This article takes an interesting look at the issues with Facebook's true name policy and the impact it has on activists and dissidents in repressive countries. It quite rightly talks about the fact that for most of the history of the Internet use of "screen names" was the default.
The odd thing about this debate is that there is basically no authentication of the names used. Many people assume that since most users are under true name that all of them are. It is trivial to set up a new account with a plausible name which can not be traced back to the real user.
I would hope that dissidents, activists and others at risk would take advantage of this simple capability to protect themselves. Yes, this is in violation of the terms of service, but I think it is for a much greater good.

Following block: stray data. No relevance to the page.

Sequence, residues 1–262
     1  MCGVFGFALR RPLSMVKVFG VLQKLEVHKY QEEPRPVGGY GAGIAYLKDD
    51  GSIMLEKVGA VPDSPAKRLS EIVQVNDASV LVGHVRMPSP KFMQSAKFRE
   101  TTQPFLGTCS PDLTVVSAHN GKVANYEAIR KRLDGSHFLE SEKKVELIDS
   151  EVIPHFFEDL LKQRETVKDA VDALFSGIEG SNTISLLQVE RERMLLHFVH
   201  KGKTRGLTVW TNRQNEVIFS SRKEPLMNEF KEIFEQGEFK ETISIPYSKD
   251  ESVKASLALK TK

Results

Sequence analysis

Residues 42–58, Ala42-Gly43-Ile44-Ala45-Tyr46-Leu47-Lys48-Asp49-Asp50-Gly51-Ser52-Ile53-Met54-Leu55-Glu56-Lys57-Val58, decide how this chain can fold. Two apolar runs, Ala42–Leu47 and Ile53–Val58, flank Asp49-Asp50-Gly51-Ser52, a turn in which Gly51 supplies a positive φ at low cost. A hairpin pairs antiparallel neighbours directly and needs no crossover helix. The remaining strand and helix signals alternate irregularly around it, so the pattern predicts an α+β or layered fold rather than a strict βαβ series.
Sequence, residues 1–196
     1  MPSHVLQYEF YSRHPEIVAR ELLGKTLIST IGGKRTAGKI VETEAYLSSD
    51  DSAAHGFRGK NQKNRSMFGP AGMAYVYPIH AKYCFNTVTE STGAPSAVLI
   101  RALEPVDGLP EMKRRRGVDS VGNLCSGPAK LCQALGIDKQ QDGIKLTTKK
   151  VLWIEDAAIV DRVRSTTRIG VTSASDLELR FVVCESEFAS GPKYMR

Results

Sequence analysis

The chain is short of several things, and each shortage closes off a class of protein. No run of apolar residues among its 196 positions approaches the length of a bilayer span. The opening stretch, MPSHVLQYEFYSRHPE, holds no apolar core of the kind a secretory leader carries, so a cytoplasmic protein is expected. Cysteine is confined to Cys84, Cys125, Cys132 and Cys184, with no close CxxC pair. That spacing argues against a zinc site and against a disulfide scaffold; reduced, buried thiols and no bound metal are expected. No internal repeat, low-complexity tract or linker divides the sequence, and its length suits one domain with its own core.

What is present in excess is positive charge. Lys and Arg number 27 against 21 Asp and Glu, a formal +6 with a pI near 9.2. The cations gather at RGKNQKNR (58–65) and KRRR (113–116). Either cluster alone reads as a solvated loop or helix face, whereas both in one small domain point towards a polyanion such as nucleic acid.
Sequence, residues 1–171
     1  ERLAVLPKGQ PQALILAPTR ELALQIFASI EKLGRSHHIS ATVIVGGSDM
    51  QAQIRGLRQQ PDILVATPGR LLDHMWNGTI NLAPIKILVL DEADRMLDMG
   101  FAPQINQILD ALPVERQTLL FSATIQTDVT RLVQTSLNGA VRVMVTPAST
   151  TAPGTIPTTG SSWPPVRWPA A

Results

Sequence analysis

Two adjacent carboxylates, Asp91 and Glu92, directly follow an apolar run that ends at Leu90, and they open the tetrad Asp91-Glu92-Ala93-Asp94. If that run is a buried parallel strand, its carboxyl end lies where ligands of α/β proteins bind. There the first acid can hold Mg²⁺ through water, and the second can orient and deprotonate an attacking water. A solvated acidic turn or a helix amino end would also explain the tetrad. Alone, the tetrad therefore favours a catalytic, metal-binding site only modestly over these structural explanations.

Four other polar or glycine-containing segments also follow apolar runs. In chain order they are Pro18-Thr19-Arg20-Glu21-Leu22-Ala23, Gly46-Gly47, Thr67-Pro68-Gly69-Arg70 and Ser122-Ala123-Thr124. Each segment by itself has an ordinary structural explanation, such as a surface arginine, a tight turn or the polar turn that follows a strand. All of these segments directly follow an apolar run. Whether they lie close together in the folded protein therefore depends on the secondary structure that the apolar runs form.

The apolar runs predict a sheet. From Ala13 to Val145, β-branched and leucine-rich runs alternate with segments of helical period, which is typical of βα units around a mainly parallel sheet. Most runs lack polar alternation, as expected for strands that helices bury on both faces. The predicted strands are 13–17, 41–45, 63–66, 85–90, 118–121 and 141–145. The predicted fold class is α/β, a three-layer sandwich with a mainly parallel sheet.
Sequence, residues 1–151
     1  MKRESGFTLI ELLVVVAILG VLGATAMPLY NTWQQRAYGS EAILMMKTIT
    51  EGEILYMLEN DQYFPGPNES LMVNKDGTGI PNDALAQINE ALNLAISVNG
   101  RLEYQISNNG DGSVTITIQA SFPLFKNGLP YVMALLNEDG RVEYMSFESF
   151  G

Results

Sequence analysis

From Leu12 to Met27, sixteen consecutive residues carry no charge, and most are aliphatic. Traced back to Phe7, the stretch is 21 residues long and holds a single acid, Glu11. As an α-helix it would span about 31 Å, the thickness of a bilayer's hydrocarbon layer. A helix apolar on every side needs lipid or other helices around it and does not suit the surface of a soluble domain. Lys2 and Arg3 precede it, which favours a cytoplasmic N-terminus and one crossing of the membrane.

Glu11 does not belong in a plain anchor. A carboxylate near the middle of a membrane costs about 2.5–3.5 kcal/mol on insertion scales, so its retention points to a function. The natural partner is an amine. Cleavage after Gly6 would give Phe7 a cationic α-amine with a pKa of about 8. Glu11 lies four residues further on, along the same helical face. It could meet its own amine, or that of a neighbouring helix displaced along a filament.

If you choose to do this, take care with who you friend under this alias. If the social network you create matches your real one, or that of another account, it may be very easy to unmask your identity.